Friendly mountain movers, best.people.ever, sat up all night and made polymer clay purple (many shades) butterfly pins for everyone to wear and remember and see, a thoughtful token of their relationship to Madeline or Matthew or I.

I am still terribly numb, often.  It stinks, but I look back at this moment and memories and the ways my best.people.ever supported us — Madeline and our family and I know.  I know that God gave me these crazy and amazing people to save us.

Carrying on

After Madeline was gone, those amazing people arranged cleaning, cooking, play dates, numb-time and they all make visiting and talking about Madeline a “normal” in their lives and their kids’ lives.

My girls aren’t normal.  Their sister is not here; she is in heaven.  Their normal includes picnics and birthdays and holidays at a cemetery, balloons and lanterns as a way to remember their lovely, and events and fund-raisers are a normal for them. 

We started Maddie’s Mark Foundation to honor Madeline and create these wonderful experiences with no work or hassles for families going through similar and very different journeys.  We create experiences for families with sick kids and emphasize enjoying time and “best days ever” for regular families by building playgrounds, spaces, and such for families to enjoy now — before life could change.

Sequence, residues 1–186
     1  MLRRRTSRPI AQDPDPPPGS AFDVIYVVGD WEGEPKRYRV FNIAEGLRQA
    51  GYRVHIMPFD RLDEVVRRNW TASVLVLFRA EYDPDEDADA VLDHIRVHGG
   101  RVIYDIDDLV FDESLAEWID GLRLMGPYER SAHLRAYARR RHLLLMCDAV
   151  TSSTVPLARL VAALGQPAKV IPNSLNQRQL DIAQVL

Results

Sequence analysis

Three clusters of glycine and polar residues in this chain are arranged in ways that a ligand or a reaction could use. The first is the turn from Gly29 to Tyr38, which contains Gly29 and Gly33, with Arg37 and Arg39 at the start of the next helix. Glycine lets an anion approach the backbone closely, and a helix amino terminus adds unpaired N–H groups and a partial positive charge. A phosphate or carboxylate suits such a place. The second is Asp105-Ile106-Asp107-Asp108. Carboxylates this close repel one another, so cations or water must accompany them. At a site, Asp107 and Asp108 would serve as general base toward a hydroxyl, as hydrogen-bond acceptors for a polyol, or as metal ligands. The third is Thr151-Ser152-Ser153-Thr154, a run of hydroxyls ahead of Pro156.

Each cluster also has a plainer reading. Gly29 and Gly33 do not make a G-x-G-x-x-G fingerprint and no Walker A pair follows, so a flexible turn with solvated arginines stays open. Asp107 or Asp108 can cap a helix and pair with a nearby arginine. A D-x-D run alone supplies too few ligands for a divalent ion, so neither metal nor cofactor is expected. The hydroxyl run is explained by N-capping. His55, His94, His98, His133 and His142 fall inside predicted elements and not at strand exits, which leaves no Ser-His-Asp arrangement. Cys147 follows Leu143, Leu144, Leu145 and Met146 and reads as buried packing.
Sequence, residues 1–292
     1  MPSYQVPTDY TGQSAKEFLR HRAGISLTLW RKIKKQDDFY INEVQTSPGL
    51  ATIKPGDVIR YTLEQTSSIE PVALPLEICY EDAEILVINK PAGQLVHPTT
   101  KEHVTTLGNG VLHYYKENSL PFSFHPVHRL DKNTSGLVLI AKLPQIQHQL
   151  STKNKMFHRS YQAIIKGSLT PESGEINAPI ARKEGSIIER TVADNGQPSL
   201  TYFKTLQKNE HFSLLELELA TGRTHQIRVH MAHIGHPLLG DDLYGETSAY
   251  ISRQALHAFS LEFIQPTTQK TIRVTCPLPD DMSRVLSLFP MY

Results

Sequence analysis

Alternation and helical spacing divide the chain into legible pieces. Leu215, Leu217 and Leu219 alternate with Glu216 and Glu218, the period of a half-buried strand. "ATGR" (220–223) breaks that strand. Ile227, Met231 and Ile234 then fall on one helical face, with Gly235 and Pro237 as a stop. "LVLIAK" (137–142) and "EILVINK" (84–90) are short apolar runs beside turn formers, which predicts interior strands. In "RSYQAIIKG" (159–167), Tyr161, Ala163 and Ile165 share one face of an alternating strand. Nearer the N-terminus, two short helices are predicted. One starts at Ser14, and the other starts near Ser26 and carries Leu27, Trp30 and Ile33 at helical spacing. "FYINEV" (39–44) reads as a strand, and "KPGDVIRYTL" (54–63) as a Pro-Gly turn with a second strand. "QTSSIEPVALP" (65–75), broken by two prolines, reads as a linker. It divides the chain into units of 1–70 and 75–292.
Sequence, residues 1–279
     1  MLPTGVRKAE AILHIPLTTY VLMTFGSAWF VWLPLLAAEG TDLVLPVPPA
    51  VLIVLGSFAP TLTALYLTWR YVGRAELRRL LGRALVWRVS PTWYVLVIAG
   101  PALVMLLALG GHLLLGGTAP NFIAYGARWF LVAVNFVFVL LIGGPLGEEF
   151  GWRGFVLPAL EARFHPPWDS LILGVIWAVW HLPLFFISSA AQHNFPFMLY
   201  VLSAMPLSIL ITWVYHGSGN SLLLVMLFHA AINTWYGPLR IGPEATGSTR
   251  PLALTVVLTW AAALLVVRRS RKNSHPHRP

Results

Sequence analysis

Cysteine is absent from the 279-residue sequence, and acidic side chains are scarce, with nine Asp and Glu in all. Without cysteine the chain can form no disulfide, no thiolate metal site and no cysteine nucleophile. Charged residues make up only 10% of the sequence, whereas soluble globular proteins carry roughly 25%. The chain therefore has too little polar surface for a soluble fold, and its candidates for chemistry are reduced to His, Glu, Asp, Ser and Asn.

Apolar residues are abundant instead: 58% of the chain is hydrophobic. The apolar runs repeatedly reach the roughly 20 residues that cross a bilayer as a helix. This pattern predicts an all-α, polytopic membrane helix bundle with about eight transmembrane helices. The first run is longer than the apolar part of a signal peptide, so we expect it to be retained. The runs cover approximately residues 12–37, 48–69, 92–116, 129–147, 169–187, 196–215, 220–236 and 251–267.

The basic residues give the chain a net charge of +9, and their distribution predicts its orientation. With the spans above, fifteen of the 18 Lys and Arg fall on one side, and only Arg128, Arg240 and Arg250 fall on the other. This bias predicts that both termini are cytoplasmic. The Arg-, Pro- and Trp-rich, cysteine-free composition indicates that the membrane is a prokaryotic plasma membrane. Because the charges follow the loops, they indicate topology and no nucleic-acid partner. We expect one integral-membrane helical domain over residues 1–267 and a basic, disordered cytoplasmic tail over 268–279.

Amelia (Meme) and Lucy get it; they know that Madeline is OK, and in heaven. Often they bring me back to OK and functioning. Often they remind me to enjoy my time and create our own “best days ever.”

My girls are becoming best.people.ever for others. They help us create “best days ever” for families going through worst-case scenarios.  Those girls are tomorrow’s mountain movers; they are the future of Maddie’s Mark Foundation.

They help us with events, fund-raisers, and actually creating best days ever.  They help me buy items for kids’ baskets, create Maddie’s Elephants, and most importantly share their sister in their words.

I love them; I love them for keeping me and Madeline alive.  I love them for making me smile, yell, and react when I want to hide in a hole.  I love them for bringing Madeline with them on their life’s adventures and journeys. I love them like I love Madeline.

I love my family, my friends, my husband, my lovely set of Musto-chicks, and I love that I know God has so many carrying us through this, so many best.people.ever carrying us still through this.